You do not usually get into controversial subjects on social media, but today was different. You have been working on a project with more than 130 volunteers to make homemade masks for one of the largest school districts in the state. The 3500 masks are for the staff and you hope that they serve as a show of support. And while you completely acknowledge that mask wearing is uncomfortable and not ideal, you are 100% in favor of doing whatever it takes to get students back in school this fall.
You do not like masks and you admit that you do not like wearing them. But you realize that this it is what the community can do right now to get to where they want to go. Until there is a vaccine or cure for Covid-19, everyone has to figure out how to live as normally as possible without overwhelming the health care system or putting the vulnerable at risk. So for now, you are 100% in favor of mandatory masks at school if that is what the school board and administration decide. They are making those decisions based on science and medicine. They are making those decisions because children are their priority. The teachers are their priority. The community is their priority. This is not a political issue. This is not a power and control issue. This is not an issue of freedom and first amendment rights. This is doing what everyone can do now to get life back to as normal as possible while taking care of each other. It is not 100% effective, but it us all you have right now. You are encouraging your friends and family to be kind and work together and do what needs to be done to get to where everyone wants to be.
Litigation Settlements Are Common Events in. Today’s World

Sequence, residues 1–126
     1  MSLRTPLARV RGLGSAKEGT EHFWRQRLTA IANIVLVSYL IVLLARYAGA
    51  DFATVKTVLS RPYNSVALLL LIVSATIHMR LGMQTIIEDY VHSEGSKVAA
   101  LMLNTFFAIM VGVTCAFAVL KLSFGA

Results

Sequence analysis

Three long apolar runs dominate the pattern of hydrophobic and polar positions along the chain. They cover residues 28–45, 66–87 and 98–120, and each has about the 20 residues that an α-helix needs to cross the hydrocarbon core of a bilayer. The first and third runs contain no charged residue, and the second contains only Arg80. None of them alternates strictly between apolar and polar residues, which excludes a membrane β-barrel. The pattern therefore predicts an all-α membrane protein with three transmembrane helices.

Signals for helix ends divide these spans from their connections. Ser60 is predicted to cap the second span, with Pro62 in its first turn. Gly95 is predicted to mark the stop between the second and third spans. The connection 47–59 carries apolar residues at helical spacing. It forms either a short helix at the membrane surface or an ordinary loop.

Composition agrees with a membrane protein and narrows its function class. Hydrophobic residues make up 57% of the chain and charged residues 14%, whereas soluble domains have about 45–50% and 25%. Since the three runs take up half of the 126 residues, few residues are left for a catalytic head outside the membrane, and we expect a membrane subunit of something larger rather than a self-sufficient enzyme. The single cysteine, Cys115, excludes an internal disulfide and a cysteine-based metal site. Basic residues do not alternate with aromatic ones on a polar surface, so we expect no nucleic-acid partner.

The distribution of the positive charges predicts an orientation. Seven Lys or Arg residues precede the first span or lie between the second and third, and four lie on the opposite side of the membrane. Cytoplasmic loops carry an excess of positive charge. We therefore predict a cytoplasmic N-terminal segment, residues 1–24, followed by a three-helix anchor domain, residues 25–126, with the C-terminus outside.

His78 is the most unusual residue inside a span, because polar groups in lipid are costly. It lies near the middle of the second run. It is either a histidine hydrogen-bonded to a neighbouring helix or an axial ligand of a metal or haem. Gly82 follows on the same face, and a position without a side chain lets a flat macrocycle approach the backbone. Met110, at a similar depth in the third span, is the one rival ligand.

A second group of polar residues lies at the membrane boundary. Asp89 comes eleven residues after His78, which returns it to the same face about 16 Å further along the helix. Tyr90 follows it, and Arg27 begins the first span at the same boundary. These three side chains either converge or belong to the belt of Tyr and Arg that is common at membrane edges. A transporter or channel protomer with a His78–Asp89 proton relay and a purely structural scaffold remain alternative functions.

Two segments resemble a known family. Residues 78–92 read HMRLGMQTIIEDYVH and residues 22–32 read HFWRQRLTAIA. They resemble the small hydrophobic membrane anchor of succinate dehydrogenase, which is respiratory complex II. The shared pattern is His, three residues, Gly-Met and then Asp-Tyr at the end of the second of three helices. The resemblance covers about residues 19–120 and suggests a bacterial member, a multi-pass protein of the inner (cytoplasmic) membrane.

The calm, and what you thought were logical, words you shared with friends and family were only the tip of the iceberg by the end of the day. You had shared your opinion with the local television station as one of the most popular reporters prepared to cover the local Monday night school board meeting. Set up to allow for in person speakers who were social distanced, the meeting drew many online viewers as well as the number of in person community members. And while there were a few speakers who echoed your support of the district’s mask mandate, the loudest voices spoke in opposition. Some spoke of being prepared to file personal injury litigation because their children had such anxiety over the thought of having to wear a mask; others threatened complex civil litigation if the district did not allow in person learning for families that did not believe in masks. It was a difficult and contentious 90 minutes, but the superintendent and the board were very careful to make sure that everyone on the agenda was able to present.
In your mind, however, the most sound argument was presented by the peer elected teacher union president who cited a survey that indicated as many as 40% of the teachers in the district indicated that they would not be returning to the classroom if masks were not mandated. The teachers, in fact, had asked their representative to clearly state that a mask recommendation was not enough.
And while the rest of the broadcasted meeting focused on the logistics of new safety and cleaning protocols that would be instituted, there were still two or three times when the threat of complex civil litigation reentered the conversation. Conversations about arbitrators and attorney fees, as well as the idea that complex civil litigation could make the year even more difficult than it already would be kept surfacing, but the superintendent was quick to point out that if all they did was talk about masks the looming pile of other work that needed to be done could not be completed. The nation could save 5,000 lives a year and prevent thousands of cases of respiratory and heart disease by reducing toxic air pollution from industrial plants, but the conversation about masks and the threat of complex civil litigation is not an easy one.